Each day I try to call my mom at 8 p.m. My mom turned 80 on July 13 this year and for the first time in many years, her three living children were able to be there and celebrate with her. My mom (and dad) have four children, 11 grandchildren, and six great grandchildren.
As a grandmother now myself, I think I know a lot yet my mom continues to amaze me with her offering of sage advice that proves correct for the conversations we have. I have an alarm set in my phone to ring each night at 8 p.m., not to remind myself to call my mom, but to remind myself that time is precious.
While reading the featured book for the week, I thought of my mom many times and how my whole life she has been a Grizzly Bear mama to her children, teaching us the skills we need to survive in this wild world. My parents live in the heart of Grizzly Bear country, right smack in the middle of the Mission Mountains between Glacier Park and Yellowstone Park.
There are many Grizzly bears in the Mission Mountains and a family friend of ours has eight that frequent around his ranch up on the mountain side. He has named them all and can easily tell them apart, giving them much respect and distance!
I hope you can find yourself coming to our library to check out our featured book of the week and learn a bit for yourself about this outstanding creature. We are open on Tuesday and Thursday afternoons from 3:30-5:30 p.m. following the school calendar.
“The Grizzly Bear” written by Thomas McNamee with drawings by Gordon Allen is our featured book this week at the Henning Public Library. The jacket covers reads “Much of our considerable fascination with the grizzly bear is perhaps due to our unsettling kinship with it. We are both omnivorous, predatory, intelligent animals at the top of our food chains, each with little fear from any creature-except ourselves and the other. And, like ourselves, the bear is highly individualistic, unpredictable, and greatly dependent for its success in life on what it has learned from its mother.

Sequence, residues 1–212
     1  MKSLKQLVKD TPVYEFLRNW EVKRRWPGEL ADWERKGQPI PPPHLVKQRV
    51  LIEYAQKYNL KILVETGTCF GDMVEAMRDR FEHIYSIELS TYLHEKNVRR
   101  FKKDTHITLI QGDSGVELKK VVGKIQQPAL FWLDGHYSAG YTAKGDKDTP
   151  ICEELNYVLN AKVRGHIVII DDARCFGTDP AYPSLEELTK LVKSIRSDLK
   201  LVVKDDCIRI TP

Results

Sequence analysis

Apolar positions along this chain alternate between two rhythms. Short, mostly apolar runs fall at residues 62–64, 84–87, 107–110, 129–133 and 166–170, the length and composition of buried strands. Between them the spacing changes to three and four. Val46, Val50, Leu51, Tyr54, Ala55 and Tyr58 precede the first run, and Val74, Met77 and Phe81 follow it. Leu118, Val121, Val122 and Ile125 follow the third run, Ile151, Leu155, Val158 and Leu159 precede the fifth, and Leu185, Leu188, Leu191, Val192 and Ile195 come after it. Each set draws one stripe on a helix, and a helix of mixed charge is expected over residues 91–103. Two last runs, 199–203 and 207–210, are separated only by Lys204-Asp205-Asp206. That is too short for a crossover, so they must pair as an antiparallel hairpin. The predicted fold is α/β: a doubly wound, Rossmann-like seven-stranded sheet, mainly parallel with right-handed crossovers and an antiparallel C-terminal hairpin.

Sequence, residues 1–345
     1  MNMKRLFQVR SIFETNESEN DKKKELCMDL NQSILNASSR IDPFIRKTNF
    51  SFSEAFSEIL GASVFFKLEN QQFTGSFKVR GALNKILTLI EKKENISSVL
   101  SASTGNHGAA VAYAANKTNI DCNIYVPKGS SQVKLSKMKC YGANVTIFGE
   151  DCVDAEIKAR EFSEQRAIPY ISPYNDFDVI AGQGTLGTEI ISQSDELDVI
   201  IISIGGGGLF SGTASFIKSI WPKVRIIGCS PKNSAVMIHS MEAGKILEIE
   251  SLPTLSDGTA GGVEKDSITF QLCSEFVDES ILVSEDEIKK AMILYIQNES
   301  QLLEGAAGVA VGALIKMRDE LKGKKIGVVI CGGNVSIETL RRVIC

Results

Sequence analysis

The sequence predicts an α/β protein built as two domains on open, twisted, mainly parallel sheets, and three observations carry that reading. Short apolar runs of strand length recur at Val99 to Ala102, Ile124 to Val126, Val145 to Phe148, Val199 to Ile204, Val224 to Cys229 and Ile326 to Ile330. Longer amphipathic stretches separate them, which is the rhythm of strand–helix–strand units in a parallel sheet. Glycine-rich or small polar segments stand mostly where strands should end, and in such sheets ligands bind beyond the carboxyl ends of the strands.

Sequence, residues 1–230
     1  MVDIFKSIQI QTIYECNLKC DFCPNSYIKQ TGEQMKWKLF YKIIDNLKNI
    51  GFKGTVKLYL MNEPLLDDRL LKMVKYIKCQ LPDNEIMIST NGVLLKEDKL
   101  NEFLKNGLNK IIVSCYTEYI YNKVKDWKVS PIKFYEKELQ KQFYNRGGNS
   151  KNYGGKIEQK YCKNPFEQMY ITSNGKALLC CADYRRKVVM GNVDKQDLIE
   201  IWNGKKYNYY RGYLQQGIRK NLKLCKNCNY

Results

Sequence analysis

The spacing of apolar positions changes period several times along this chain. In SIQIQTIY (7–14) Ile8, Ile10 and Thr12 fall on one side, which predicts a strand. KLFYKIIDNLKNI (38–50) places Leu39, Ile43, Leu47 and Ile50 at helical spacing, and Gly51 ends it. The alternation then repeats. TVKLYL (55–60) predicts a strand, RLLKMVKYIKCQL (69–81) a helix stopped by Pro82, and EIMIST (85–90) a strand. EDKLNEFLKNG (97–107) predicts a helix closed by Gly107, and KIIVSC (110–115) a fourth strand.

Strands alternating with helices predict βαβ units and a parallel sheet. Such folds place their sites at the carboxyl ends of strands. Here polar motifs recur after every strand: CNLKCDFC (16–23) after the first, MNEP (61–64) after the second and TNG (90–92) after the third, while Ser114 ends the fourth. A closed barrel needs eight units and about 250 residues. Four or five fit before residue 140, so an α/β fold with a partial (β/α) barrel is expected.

“Appropriately, the heroine of this remarkable, authoritative narrative is a female grizzly who, as the book opens, has just emerged from her five-month hibernation with two blinking, wobbly-legged cubs in tow. Through the next seven months, from April until they hibernate again in October, we follow the daily life of these three bars on their home range in and near Yellowstone Park. We see how the cubs, under their mother’s ever-watchful tutelage, learn strict obedience to the critical tenets of ursine survival. They nurse and nap, and take cover-instantly-at the approach of another bear or of man.
“They dig for biscuitroot, gorge on ripe huckleberries, and mow down whole meadows of spring beauties; they chase ground squirrels and tear up hillsides in pursuit of pocket gophers; they stalk each other in obstreperous play that prefigures the remarkable dexterity and brute power they will have as adults. Lesson by lesson, they grow toward the unique intelligence that makes the grizzly bear both a marvel of adaptive flexibility and a singularly wild wild animal.”